Thursday 24 May 2018

EM Surveying - The Uses

In the previous EM survey blog, I ran through the process of conducting the survey, this time I will go through some of the uses.

The data from an EM survey is very useful for irrigation in many ways. The topography data can be used for planning the pivot design itself with your irrigation provider for example working out tower spacing and pivot positioning. The angle of slope can be used to see if the pivot stays within design parameters for insurance purposes as well as design planning.

Figure 1: Contour map on top of elevation map

After the initial pivot or irrigation design plans, we can then look at the EM data itself to determine the amount of variability within the surveyed area. Within the PCT Gateway software we can look at the value and amount of the crop being grown on the area and the cost of installing variable rate irrigation (VRI). The software needs to know the average yield and value of the crop. That way using algorithms it calculates that by not over watering the heavier soli types or under watering the lighter areas you bring the crop yield on those areas up to the average. It looks at the reduction in variability by using VRI as opposed to a blanket application. In the example below the variability from using VRI drops from 30.4% to 4.68%. So, by using the average yield and the price we can see the payback vs the cost of putting VRI on your pivot.

Figure 2: Illustrating the payback from VRI, using an EM map. 

This model just looks at the costs vs savings of VRI from a production prospective. It doesn’t take into consideration savings from reduced water use, power savings, reduced track repairs etc, which will be in addition to this.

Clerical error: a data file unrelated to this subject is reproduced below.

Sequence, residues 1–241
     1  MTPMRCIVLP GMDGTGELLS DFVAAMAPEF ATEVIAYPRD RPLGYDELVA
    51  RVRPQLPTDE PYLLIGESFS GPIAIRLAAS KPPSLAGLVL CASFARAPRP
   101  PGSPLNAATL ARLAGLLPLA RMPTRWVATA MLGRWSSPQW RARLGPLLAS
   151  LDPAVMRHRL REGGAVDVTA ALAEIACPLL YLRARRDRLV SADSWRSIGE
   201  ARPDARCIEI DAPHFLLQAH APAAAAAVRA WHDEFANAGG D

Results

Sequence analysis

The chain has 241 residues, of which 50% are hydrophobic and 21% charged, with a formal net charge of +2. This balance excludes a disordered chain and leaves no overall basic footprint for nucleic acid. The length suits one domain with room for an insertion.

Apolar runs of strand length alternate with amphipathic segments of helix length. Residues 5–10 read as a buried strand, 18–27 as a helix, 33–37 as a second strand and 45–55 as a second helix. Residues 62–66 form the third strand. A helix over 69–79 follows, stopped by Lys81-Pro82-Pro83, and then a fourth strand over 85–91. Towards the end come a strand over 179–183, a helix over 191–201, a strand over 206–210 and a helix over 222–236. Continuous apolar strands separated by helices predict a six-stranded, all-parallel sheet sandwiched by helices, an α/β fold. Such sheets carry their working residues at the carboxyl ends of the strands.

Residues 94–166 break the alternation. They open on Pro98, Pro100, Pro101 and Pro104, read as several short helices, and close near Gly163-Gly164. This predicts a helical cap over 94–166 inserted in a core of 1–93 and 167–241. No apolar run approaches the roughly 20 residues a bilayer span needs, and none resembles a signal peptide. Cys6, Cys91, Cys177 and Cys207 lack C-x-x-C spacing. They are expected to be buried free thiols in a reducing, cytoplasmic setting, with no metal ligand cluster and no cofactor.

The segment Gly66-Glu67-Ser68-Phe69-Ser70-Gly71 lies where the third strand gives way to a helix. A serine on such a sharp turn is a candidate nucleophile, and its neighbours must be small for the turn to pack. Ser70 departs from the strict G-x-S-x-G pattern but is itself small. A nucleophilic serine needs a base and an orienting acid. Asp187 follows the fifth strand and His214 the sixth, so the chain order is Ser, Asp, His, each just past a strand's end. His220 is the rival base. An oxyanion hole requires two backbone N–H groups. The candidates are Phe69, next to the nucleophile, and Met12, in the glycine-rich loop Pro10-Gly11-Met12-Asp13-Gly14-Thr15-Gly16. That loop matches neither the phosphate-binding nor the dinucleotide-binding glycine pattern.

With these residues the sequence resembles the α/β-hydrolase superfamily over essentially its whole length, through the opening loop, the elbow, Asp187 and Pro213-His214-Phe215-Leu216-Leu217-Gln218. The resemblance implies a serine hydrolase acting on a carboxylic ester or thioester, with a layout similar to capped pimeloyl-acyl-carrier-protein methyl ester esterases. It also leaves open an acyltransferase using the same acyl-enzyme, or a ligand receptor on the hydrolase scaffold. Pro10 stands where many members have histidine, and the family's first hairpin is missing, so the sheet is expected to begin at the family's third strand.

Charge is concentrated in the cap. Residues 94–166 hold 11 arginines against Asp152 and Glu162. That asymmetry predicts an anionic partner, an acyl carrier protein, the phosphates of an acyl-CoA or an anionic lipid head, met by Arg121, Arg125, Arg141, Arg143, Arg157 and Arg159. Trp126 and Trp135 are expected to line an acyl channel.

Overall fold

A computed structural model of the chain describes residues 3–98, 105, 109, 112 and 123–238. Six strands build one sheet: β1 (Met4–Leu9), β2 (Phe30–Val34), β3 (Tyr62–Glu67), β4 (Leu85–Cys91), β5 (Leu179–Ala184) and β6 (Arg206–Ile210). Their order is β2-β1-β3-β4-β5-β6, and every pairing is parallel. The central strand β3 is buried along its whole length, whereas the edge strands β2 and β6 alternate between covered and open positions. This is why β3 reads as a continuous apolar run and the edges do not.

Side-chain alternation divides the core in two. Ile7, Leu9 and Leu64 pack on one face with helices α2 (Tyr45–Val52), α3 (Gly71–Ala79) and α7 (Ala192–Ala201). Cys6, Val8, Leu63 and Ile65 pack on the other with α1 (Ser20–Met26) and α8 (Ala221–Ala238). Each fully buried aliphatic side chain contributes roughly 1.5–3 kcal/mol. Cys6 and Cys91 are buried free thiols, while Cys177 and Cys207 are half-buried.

The next stage is to make VRI maps up for the pivot, using the different soil zones, predominately we use the shallow EM results. If the area has a lot of variation in topography we can also combine the elevation layers with the EM map to make an application map for the pivot. We can also use other elevation layers to achieve the best solution used for each specific survey, as required.

The map below, shows a three zone EM map, where  red is the lightest soil, green the medium textured soil and blue the heaviest soil. This has been combined with the slope map, where the darker tone indicates a slope of 0-5% and the brighter tone of colour areas where the slope is above 5%.

Figure 3: An EM map and slope map combined to make a VRI application map. Brighter red, green and blue indicate slope for the different soil zones. 

The EM zone maps can also be used for irrigation pod placement, as well as moisture probe placement. If you only have one probe under an irrigation management zone, you want to make sure its under the right area. I will discuss this in more detail in the next blog. In the meantime, if you have any questions about EM surveying please get in touch.

Chris Smith
Operations Manager Agri Optics NZ Ltd.